poor
solid
I've seen some unbelievably bad bricklaying, and never was there any chance of that happening.

We had some today.

one,
the latter I do agree with. Equally mad not to have the roof just one foot higher and have another useful floor under it.

Cellars are relatively expensive compared to another floor on top. And our history of poor cellars means buyers dont normally want them.
Regards, NT
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N. Thornton wrote:

Yeah. My sisters last German house with its really well constructed cellar, suffered badly from blocked main drainage flooding all the cellars in the road.
Always a nice homecoming.
Now she has retired toi Fgreece, where the water comes in a big tanker twice a week :)

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randomly hit

Hi. Whats your alternative roof suggestion?
Cavity walls are used in wet windy countries to stop rain that hits the wall soaking through to the inside. That's primarily why we use them.
Regards, NT
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randomly hit

house
with
horisontal
on my

fashion.
this
50 mm

cladding.
me.
expensive
A warm roof like most other countries.

Cavity walls were introduced in the 1920s. There was a building boom to prevent unemployment and a skills shortage too. The cavities hid the poor quality of the bricklayers, as water was penetrating through the solid brick walls. It is not mandatory to have them.
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Depends where you live. In costal and other windy/wet areas, you will find them in 19th century properties. They gradually migrated outwards from those areas.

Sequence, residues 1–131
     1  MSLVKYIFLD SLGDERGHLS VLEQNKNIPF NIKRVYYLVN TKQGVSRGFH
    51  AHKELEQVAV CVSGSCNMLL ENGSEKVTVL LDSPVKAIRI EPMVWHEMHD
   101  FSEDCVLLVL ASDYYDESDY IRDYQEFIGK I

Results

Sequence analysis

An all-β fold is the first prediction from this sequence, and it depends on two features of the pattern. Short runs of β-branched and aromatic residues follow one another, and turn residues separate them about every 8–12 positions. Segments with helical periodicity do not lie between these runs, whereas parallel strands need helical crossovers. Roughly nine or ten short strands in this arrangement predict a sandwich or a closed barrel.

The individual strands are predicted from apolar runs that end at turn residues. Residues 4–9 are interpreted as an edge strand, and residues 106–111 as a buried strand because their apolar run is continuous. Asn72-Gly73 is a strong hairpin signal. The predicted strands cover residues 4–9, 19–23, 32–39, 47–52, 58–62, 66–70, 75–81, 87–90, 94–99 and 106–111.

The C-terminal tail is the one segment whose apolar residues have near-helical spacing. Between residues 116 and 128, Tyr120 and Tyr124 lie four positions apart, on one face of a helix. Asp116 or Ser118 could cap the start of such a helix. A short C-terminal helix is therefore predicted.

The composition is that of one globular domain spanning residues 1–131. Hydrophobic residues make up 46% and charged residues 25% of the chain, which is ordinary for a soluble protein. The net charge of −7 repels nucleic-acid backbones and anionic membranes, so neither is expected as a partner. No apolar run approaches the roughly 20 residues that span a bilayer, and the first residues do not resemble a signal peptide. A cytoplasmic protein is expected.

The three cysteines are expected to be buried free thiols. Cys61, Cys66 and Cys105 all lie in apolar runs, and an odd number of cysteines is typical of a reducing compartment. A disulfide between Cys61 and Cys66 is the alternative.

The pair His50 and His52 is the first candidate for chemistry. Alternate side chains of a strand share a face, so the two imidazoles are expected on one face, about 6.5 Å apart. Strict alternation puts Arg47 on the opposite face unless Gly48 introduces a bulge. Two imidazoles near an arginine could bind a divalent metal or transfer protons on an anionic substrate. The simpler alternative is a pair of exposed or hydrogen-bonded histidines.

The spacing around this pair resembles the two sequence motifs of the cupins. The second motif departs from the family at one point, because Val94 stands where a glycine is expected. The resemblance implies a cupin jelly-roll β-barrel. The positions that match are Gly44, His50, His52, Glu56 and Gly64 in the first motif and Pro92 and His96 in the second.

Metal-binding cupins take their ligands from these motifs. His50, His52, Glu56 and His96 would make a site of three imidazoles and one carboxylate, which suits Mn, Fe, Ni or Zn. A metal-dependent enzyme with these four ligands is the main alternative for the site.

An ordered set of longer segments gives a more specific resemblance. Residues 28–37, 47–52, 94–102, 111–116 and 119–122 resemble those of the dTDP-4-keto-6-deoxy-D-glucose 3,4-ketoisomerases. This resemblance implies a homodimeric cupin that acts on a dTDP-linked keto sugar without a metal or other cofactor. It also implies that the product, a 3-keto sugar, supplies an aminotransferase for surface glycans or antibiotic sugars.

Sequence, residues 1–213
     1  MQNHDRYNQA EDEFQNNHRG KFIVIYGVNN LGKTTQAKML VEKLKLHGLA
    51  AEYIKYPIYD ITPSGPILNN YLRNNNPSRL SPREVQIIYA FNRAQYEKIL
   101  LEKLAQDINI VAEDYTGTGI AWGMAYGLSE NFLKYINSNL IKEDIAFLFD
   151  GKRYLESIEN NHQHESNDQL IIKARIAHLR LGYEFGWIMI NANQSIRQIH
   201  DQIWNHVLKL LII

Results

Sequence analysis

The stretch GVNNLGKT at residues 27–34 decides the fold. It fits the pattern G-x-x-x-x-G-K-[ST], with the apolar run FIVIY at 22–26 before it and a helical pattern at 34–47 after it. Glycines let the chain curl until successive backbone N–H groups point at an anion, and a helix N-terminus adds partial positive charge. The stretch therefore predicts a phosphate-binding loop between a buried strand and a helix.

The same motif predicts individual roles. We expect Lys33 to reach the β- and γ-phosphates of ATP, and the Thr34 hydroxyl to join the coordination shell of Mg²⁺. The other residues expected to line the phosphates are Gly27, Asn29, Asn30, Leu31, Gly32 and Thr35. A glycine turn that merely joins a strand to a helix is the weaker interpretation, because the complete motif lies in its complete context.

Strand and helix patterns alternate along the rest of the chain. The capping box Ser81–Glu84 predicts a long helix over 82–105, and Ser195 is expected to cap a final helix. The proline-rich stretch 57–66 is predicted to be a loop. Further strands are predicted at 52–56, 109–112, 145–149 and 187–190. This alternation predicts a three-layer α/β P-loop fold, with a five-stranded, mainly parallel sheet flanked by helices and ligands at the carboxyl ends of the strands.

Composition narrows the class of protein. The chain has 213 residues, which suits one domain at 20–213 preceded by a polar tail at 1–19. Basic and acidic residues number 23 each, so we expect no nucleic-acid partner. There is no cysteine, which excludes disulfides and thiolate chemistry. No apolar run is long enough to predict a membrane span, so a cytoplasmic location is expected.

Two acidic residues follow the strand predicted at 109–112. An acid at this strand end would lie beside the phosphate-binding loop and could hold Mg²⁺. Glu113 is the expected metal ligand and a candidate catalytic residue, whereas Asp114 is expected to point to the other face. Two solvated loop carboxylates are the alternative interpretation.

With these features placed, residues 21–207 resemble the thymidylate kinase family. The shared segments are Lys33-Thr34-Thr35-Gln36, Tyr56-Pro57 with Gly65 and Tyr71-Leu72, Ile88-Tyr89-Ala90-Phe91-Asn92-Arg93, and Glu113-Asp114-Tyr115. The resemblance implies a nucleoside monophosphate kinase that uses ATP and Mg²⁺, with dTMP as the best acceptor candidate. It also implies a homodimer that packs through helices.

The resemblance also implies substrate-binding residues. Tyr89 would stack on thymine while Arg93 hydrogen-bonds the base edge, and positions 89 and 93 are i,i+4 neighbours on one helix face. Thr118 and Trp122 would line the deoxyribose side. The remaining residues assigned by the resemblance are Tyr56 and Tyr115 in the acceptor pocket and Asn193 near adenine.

--
Andrew Gabriel

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writes:

poor
brick
In wind driven coastal areas they make sense. In those regions you will also find houses are rendered to seal them in. There is no need to have cavities in a modern housing estate, as wind driven rain, like on the coast, is very rare indeed. Cavities are in coastal areas of Denmark and Holland. The Germans think we are mad to build two expensive walls instead of one, and then have a cold roof wasting space, and further wasting space by not having a cellar.
The best thing people can do with cavities is have them filled with polystyrene balls. Apparently these do not take water from the outer wall to the inner and greatly improve thermal performance. I believe a house with polystyrene balls cavity wall insulation will sell well, or even improve the selling price.
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IMM wrote:

My house was built in 1866 and has cavity walls.
Ben
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It probably has and was. If you were reading the thread you would have gleened that cavity walls were introduced as a defacto standard in the 1920s. They have been around for very long time
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IMM wrote:

Indedd, catsles had cavity wall that were filled with any old crud, including teh odd defrocked priest, cats to keep the witches out, and the bodes of enemies etc.
Leaving the cavity more or less empty was a rather more modern develepment tho :-)